2002 Sienna check engine light

Every few months my wife’s Sienna check engine light comes on. The 1st time was just after a stom in Maine June, 2010. She took the Sienna to a local shop and asked them to check it out. They connected it to their computer and could find nothing wrong and were able to turn the alarm off. a few months went by, she had the car inspected in August at the Toyota dealer and a week later the check engine light came on again.(I think after a storm but am not sure) She had the dealer hook the car up to the computer and they told her that it was one or all of the following: catalytic converter, computer, or oxygen sensor. They told her it would cost thousands of dollars to fix and they would not pass the car’s inspection next year because there was no history stored in the computer. They did however, turn off the alarm. We had no issues until last week. My son was driving the car to NH during a snow storm in heavy traffic.(Jan, 2011) He stopped to take a break, got back in the car and the check engine light came back on. The car runs well. Other then the warning light seems fine. The lightseems to come on when there are storms or during low pressure systems. Could that be messing with any of the sensors or the computer? Another ongoing problem is that the low tire pressure light comes on regularly, and the dealer has never been able to fix it. Could the 2 be part of the same problem? I don’t have thousands to spend on Toyota replacing things until one of the replacements fixes the problem. Can anyone offer me some advice?

When the check engine light comes on again, go to a local auto parts store like Auto Zone that will read the code for free. Write down the exact code (a series of letters and numbers), not just what they tell you it means. Without the exact code, it’s difficult for anyone on this site to tell you what’s happening.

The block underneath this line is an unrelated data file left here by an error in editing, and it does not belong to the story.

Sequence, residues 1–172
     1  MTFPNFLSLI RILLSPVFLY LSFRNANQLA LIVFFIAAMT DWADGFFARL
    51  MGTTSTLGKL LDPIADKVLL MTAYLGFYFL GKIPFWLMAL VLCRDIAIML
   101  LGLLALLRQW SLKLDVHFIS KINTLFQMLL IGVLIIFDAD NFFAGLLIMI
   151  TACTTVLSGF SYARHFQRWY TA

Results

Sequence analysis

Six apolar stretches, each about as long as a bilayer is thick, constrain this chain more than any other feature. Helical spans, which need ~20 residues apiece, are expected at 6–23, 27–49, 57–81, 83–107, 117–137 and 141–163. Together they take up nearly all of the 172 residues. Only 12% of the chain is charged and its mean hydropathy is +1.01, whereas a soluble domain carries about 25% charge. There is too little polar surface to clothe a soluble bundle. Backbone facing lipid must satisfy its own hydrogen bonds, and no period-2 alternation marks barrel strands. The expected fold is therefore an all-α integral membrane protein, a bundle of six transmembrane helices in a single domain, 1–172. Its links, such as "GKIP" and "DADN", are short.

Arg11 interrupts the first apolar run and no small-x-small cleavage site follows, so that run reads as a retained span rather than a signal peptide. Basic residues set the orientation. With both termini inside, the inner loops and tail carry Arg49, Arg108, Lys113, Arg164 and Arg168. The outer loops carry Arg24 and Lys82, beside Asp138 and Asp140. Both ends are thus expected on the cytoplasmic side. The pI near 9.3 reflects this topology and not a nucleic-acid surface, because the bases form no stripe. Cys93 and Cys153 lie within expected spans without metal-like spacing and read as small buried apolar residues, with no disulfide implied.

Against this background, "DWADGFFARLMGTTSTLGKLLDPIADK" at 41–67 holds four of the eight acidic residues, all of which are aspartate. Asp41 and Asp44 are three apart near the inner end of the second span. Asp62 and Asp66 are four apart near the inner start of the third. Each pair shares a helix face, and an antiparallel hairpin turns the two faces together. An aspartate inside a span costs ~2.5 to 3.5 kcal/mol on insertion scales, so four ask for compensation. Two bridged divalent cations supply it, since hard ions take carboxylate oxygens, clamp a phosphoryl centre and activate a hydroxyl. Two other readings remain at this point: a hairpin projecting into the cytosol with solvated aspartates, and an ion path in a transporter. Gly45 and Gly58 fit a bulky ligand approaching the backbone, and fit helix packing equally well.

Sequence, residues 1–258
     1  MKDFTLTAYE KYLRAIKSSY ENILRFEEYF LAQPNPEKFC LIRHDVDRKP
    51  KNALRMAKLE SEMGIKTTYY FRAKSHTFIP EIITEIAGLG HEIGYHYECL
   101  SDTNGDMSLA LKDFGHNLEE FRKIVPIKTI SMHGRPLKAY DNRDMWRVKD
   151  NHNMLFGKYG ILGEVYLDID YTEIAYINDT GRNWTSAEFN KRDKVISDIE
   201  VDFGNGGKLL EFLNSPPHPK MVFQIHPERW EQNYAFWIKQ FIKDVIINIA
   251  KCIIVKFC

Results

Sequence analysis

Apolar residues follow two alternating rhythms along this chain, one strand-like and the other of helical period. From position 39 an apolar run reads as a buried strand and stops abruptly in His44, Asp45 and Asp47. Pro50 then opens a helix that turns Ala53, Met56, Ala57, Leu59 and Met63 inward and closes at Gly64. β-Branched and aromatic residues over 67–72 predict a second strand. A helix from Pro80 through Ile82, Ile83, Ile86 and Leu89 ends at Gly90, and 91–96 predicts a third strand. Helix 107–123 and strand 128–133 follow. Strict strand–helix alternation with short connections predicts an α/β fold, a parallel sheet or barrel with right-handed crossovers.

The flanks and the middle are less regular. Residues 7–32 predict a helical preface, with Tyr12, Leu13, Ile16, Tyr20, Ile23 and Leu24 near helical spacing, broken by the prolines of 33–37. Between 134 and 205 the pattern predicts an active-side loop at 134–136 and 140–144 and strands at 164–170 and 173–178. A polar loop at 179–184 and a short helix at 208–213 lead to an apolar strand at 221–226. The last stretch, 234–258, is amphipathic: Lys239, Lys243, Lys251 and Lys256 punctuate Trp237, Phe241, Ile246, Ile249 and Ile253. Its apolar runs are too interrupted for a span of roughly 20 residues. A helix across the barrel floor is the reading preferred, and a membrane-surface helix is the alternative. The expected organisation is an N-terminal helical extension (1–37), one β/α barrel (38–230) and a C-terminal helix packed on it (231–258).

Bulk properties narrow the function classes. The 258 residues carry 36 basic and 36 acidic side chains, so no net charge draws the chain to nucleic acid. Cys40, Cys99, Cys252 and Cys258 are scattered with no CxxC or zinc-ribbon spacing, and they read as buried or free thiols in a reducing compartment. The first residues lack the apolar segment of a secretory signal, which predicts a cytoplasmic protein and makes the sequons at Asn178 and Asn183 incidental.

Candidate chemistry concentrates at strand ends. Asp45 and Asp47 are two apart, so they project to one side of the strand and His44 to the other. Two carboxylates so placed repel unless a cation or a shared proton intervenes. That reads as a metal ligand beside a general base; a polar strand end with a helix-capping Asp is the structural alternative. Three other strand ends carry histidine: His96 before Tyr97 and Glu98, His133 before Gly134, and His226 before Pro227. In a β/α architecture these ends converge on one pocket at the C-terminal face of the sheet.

But based on what the dealer told you, most likely it’s a code from an oxygen sensor. The sensor may need replacement. I’d take the car to a trusted mechanic who has the diagnostic equipment to test the oxygen sensor(s). He should be able to tell you whether the sensor(s) are OK or if one needs to be replaced.

Thanks. My son has the car. I’ll have him get the codes.

Please add a little punctuation. Using Paragraphs would help. Take a look at a news paper. They always have double spaces between paragraphs and tend towards short paragraphs. It makes navigating your message a lot easier.

Now about the car. If the dealer can’t fix it, you find a mechanic who can.

   Dealers are no better (or worse) than independent mechanics for almost anything you might need done on your car.  They will almost always charge more per hour and often more for parts and supplies.  They also tend to look at repairs a little different than the independent. 

A dealer may well recommend work that strictly may not be needed, but could be connected to the problem or maybe replace a part when a little repair would fix it ALMOST as good a new.  

There is no need to bring your car to the dealer for any service other than service that is going to be paid for by a recall or original warrantee.  During the warranty period be sure to have all required (as listed in the owner's manual) maintenance done and to document all maintenance work.

I suggest that most people would be better off finding a good independent (Not working for a chain) mechanic. 

Note: Never ever use a quick oil change place. They are fast cheap and very very bad.

If I have missed an important part of your message, sorry. Let me know. Also note that you may be able to read a error message, even if the light is off. It does not always work, but it is worth a try.